Posted on: October 5, 2010 10:14 am
Edited on: October 5, 2010 6:41 pm
 

Top Ten With a Twist: Curse of Wally Pipp

P. Hillis has taken over the Cleveland running game (US Presswire).

Posted by Josh Katzowitz

We’re a quarter of the way into the season, and some players who were originally slated to be backups suddenly have emerged as starters. Maybe it was through an injury to the former starter. Maybe it was because the starter wasn’t as good as the team thought and the backup was better. Maybe it was because – and Wally Pipp could relate to this – somebody just needed an off-day.

In fairness to the old-time Yankees first baseman, who was replaced one day (permanently, it turned out) in 1925 by a guy named Lou Gehrig because Pipp had a headache, that story might not be true exactly. Instead, he might have been benched because manager Miller Huggins simply wanted to shake up the lineup. Either way, Gehrig played the next 2,130 games, and Pipp ended up in … Cincinnati (and apparently, he was also one of Sports Illustrated’s first writing hires, one of those cool but useless facts).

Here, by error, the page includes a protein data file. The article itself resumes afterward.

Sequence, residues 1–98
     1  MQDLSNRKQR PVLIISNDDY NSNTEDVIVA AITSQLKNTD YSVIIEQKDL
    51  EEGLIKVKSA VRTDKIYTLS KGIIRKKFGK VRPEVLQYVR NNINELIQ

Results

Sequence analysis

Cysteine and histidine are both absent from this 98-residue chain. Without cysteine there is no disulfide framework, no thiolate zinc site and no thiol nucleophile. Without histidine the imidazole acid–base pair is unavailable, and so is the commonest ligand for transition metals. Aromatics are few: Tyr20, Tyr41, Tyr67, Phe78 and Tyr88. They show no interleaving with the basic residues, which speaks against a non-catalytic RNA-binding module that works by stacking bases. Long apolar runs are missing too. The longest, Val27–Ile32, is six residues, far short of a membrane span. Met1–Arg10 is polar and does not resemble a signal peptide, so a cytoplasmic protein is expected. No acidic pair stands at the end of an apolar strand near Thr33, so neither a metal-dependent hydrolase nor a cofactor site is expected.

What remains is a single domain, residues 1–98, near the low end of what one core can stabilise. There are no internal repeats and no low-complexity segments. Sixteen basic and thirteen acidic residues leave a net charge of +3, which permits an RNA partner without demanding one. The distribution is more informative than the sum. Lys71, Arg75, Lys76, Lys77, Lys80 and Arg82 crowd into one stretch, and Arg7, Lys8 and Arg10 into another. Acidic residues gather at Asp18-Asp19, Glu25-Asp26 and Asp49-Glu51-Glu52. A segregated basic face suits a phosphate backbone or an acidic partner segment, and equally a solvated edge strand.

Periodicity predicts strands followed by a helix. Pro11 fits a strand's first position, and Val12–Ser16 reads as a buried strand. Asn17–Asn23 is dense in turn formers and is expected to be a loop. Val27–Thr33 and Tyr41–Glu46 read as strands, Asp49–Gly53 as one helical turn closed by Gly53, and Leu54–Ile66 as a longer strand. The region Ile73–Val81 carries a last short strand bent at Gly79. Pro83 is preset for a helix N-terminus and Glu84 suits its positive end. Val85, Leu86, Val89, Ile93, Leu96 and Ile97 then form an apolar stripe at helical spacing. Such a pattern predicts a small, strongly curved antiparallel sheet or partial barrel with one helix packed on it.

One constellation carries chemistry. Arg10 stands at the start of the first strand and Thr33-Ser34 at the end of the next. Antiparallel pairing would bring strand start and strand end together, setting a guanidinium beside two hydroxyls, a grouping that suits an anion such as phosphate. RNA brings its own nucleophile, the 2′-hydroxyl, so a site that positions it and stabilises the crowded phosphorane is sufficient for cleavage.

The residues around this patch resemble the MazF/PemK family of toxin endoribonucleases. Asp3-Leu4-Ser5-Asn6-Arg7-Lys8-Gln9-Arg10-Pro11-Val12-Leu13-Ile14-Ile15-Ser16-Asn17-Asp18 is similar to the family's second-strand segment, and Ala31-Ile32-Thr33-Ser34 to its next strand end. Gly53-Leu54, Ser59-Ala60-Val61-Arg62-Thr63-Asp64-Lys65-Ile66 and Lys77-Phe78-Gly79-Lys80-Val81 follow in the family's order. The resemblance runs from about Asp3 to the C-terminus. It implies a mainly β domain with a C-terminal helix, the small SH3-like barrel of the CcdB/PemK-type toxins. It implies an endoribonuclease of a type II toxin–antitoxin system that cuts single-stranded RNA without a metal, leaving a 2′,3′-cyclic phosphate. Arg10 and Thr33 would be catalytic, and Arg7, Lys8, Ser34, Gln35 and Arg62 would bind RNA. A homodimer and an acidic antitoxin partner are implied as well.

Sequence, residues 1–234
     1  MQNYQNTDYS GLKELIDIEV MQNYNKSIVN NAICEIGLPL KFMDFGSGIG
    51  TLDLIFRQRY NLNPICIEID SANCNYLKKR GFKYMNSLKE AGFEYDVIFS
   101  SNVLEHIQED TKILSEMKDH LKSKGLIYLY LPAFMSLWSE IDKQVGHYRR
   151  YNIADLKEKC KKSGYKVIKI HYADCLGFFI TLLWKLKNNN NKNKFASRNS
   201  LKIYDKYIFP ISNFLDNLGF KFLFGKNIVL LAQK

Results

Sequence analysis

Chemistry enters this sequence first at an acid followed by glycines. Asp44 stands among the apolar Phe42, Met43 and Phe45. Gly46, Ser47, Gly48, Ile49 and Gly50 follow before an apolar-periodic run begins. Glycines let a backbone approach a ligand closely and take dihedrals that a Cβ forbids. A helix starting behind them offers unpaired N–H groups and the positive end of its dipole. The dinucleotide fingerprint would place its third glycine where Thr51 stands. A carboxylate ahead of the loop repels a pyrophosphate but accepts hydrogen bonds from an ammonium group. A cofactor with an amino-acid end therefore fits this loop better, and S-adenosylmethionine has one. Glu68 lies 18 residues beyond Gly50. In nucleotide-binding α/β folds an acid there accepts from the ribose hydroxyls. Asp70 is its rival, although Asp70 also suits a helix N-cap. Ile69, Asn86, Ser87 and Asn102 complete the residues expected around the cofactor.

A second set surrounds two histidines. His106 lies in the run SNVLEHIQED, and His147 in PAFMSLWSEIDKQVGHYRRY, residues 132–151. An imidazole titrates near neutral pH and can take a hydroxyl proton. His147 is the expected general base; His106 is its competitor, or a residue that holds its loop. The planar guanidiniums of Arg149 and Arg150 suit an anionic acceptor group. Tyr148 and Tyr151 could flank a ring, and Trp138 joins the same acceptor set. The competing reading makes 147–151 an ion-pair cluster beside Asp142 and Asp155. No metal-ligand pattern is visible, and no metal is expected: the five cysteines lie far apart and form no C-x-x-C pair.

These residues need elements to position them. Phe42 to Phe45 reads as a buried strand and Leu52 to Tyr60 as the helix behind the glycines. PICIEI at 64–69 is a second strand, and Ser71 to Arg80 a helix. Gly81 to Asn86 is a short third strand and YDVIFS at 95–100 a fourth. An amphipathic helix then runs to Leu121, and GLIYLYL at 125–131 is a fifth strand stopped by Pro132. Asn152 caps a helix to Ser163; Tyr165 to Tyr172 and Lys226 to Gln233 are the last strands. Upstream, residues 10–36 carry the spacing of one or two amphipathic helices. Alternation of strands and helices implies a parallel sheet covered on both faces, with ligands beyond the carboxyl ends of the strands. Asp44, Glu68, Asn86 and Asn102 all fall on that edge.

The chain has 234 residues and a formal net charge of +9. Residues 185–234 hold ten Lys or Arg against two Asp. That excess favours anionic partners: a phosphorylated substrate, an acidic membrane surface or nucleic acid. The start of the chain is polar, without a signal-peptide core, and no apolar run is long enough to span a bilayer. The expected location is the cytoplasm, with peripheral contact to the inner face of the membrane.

Anyway, there have been some impact players to emerge this season so far, simply because they, like Gehrig, were given that chance to shine. Some have won a starting position. Some are just holding it until the real starter returns. But they’re all making a (mostly good) impression. It sounds like the perfect Top Ten With a Twist list to me.

10. Lance Moore, WR/PR, Saints: The story of Moore’s career. A Saints starts gets injured. Moore steps in and makes plays. Remember in 2008 when Moore caught a team-high 79 passes for 928 yards and 10 touchdowns after Marques Colston was hurt? Obviously, when Reggie Bush returns from his broken leg, Moore will fade back into the background – maybe. But man, he looked electric against the Falcons (six catches, 149 yards, two touchdowns), and he’s become a big target for New Orleans when it’s in the red zone.

9. Max Hall, QB, Cardinals: Look, we all know Derek Anderson isn’t a very good quarterback. But I didn’t think he would have a chance to lose his job this early. Hall, meanwhile, was a 2010 undrafted free agent (seriously, how poor is Anderson to lose to an undrafted free agent?). Not that Hall was great when he replaced Anderson on Sunday, because he wasn’t, but he might be Arizona’s best option at this point. Coach Ken Whisenhunt, meanwhile, isn’t talking. “I think we're going to go without [a quarterback) this week,” he joked Monday. “I think we're going to go with all Wildcat."